I want to beat on his chest with my fists and scream that I don’t know how to look after myself. That the world is full of dangerous and evil people and I can’t do this anymore. I don’t say the words but he still answers them.

     Beau: Yes, you are looking after yourself. You came here. You got Lucy. There are people who love you. You can choose to be alone or you can be brave, my darling brave girl and let people near you again.

     Me: I remember you telling me I was brave. Told me I could do anything. Without Lucy I can’t go out the door alone.

     Beau: But you have Lucy. You have Sanctuary here for a while. And you will always have my love. Always. But I’ll be part of the past now, you’re going farther than I ever got, Lia, and I can’t help you anymore.

     Me: I only need you to be here with me.

     Beau: Then you don’t need me at all because I will always be with you. Look at the outline in the grass – it’s not me, not you, it’s us together. But when you get up and walk down the path, it will only be your footprints in the dust now.

     I look over at the path and I see my footprints coming and going. This is where I last saw my Beau. The last time I ever saw him. I went off to finish my sketch and he stayed. Stayed here forever waiting for me to come back. I did come back the next day and stare at the outline of our bodies in the grass. I sat there for hours knowing that if I just turned around he would still be there. I never did turn around. Someone finally came and took me home in the dark.

     Beau: This time I want you to turn around. I’m still here.

     He smiles at me encouragingly.

     Suddenly I feel so angry with him. For leaving me alone. For not being there and allowing terrible things to happen. For leaving me without a future or hope.

     Beau: (taking his hands from his face and leaving the tears there. He was never ashamed of crying.) I would have protected you with my life only I don’t have it to give anymore.

     The anger flows out of me into the ground. It’s not my anger anymore. I feel the pain still. And I want to stay here with Beau. Now. Always. If he doesn’t a life to give me anymore, I will take death with him.

     Beau: And now I want you to get up and walk down the path into your own life.

     Me: I can’t. I won’t. Please don’t make me.

     Beau (gently): I won’t make you.

     Me: Is there anything you need me to do? I throw flowers over the falls on the anniversary of your death.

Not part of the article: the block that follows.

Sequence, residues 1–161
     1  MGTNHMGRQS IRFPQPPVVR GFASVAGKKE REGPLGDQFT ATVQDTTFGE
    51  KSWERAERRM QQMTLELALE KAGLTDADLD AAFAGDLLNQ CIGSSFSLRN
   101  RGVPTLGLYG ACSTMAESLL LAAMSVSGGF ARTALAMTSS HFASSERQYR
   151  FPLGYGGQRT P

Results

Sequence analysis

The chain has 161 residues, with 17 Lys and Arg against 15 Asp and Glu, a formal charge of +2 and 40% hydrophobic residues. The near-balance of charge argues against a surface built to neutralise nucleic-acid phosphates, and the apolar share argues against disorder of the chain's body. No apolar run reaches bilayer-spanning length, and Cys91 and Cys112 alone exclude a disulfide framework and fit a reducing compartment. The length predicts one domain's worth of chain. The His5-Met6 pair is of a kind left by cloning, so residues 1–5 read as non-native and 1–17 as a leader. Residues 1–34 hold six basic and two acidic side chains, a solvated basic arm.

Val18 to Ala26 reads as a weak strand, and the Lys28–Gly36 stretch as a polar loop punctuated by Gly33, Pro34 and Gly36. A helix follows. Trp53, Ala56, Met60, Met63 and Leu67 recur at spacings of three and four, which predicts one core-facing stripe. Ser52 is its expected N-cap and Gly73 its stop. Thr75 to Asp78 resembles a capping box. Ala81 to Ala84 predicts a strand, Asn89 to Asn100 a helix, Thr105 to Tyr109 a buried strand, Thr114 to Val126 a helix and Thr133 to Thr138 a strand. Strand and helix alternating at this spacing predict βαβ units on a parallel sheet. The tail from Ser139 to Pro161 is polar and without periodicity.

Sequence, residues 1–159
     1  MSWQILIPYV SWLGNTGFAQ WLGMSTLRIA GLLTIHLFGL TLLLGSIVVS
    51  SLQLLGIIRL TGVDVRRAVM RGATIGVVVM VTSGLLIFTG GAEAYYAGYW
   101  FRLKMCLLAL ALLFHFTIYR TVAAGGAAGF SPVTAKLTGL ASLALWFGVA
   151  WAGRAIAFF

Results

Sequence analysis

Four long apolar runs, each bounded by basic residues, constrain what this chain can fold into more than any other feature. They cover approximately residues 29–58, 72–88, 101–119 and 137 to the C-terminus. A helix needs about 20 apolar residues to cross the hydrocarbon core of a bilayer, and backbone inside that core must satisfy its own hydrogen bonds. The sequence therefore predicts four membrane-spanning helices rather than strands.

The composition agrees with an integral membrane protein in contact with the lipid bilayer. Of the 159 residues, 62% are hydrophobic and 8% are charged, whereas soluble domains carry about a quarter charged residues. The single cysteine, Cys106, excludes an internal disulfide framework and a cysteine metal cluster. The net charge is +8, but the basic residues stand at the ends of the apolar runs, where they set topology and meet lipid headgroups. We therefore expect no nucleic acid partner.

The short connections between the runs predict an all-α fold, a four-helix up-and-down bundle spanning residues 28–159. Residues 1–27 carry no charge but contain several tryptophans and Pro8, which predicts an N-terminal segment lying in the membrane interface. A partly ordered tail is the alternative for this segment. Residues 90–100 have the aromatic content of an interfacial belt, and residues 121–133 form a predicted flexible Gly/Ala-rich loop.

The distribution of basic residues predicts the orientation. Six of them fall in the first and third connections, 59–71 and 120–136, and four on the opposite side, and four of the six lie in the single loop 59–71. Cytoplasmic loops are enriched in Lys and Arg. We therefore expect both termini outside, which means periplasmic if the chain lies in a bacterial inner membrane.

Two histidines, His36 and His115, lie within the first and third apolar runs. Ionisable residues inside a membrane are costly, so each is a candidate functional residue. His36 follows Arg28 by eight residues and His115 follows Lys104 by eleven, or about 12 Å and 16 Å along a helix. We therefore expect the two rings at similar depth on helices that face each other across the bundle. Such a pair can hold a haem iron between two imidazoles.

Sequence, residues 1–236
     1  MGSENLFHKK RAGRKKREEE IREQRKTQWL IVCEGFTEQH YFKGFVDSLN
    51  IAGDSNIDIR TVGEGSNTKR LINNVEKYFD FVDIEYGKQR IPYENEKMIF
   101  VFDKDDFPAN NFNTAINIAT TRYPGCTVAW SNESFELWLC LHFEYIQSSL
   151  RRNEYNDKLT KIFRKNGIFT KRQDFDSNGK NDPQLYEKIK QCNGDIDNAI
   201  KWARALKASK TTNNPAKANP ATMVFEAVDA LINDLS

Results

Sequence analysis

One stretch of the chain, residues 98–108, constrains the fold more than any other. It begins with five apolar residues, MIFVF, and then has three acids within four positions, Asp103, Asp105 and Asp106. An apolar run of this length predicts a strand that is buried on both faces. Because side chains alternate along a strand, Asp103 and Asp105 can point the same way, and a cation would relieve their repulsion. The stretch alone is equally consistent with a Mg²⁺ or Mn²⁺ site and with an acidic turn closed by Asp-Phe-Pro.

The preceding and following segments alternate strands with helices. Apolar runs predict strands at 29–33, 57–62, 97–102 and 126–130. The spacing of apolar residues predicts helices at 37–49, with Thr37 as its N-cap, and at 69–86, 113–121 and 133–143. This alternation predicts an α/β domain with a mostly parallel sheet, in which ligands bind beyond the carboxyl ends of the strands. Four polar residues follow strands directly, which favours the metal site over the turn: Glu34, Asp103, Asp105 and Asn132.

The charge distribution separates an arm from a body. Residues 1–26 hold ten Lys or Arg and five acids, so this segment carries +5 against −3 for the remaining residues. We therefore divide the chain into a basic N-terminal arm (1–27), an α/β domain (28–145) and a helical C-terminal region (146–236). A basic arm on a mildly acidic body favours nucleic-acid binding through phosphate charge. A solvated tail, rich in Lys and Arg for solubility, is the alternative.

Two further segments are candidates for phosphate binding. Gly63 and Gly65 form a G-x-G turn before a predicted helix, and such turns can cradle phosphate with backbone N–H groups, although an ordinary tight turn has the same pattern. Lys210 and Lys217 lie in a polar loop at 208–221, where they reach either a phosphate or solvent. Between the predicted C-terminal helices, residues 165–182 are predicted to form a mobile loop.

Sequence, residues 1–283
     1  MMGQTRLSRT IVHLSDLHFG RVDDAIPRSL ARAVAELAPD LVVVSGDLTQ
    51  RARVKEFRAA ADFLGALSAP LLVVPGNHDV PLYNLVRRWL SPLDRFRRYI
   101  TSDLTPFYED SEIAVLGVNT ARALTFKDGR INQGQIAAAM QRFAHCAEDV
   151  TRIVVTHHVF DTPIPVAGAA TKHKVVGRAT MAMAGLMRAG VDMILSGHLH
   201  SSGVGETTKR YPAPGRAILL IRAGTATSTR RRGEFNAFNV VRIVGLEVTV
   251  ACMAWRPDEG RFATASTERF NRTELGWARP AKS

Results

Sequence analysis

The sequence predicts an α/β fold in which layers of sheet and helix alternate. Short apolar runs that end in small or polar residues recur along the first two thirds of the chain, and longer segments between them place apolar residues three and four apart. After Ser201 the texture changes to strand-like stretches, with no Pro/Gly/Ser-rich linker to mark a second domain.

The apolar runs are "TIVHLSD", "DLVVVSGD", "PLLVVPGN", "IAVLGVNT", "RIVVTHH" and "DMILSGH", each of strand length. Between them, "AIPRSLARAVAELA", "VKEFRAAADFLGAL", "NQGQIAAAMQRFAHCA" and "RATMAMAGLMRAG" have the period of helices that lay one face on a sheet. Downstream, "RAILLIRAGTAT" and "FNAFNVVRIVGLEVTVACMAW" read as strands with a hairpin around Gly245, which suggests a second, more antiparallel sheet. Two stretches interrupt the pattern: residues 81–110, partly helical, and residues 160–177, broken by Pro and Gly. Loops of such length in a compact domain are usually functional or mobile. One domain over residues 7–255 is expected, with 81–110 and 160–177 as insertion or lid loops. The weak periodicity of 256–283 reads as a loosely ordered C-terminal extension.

Beau: Oh, Pixie, you’re so precious to me. Always. All I want you to do is be happy.

     Me: I can’t be happy with you.

     Beau: You were happy for a moment on the beach in the sunshine. Soon you will have more moments of happiness, and then whole hours, and –

     Me: You sound like Micki.

     Beau: perhaps I do. (He laughs. A glorious sound. The sound of our love and the past where I was safe and loved and didn’t live in fear every second). Doesn’t mean I don’t believe it. But now, you really do have to go. I can’t stay here anymore.

     Me: When can you come back again?

     I see him shake his head. He still smiles. That lovely heartbreaking smile. Shy, tinged with sadness as if he never really grasped the happiness that made him smile, as if it slightly embarrassed him to be happy. I never forgot that smile. I’ve drawn it a hundred times.

     Beau: Go now. Just like on that day. Only this time, I’m looking at you. I love you Pixie, you are the most precious thing in my death. Goodbye.

     I try to keep his face in focus through my tears. Somehow I find the strength to stand up and walk to the path never taking my eyes off him.

     Me: Goodbye. This time I’m saying goodbye. My love. I loved you then and I love you now.

     Beau waves. I know if I don’t leave now he won’t be there in a second and I can’t stand to watch him disappear. I need to think he’s always there, sitting in the sunshine waiting for me. So I force myself to turn away. I take two steps and find myself back at my desk, in the dark with the rain pounding on the roof. Death has left. Lucy is asleep. I feel more alone than I have ever felt in my life.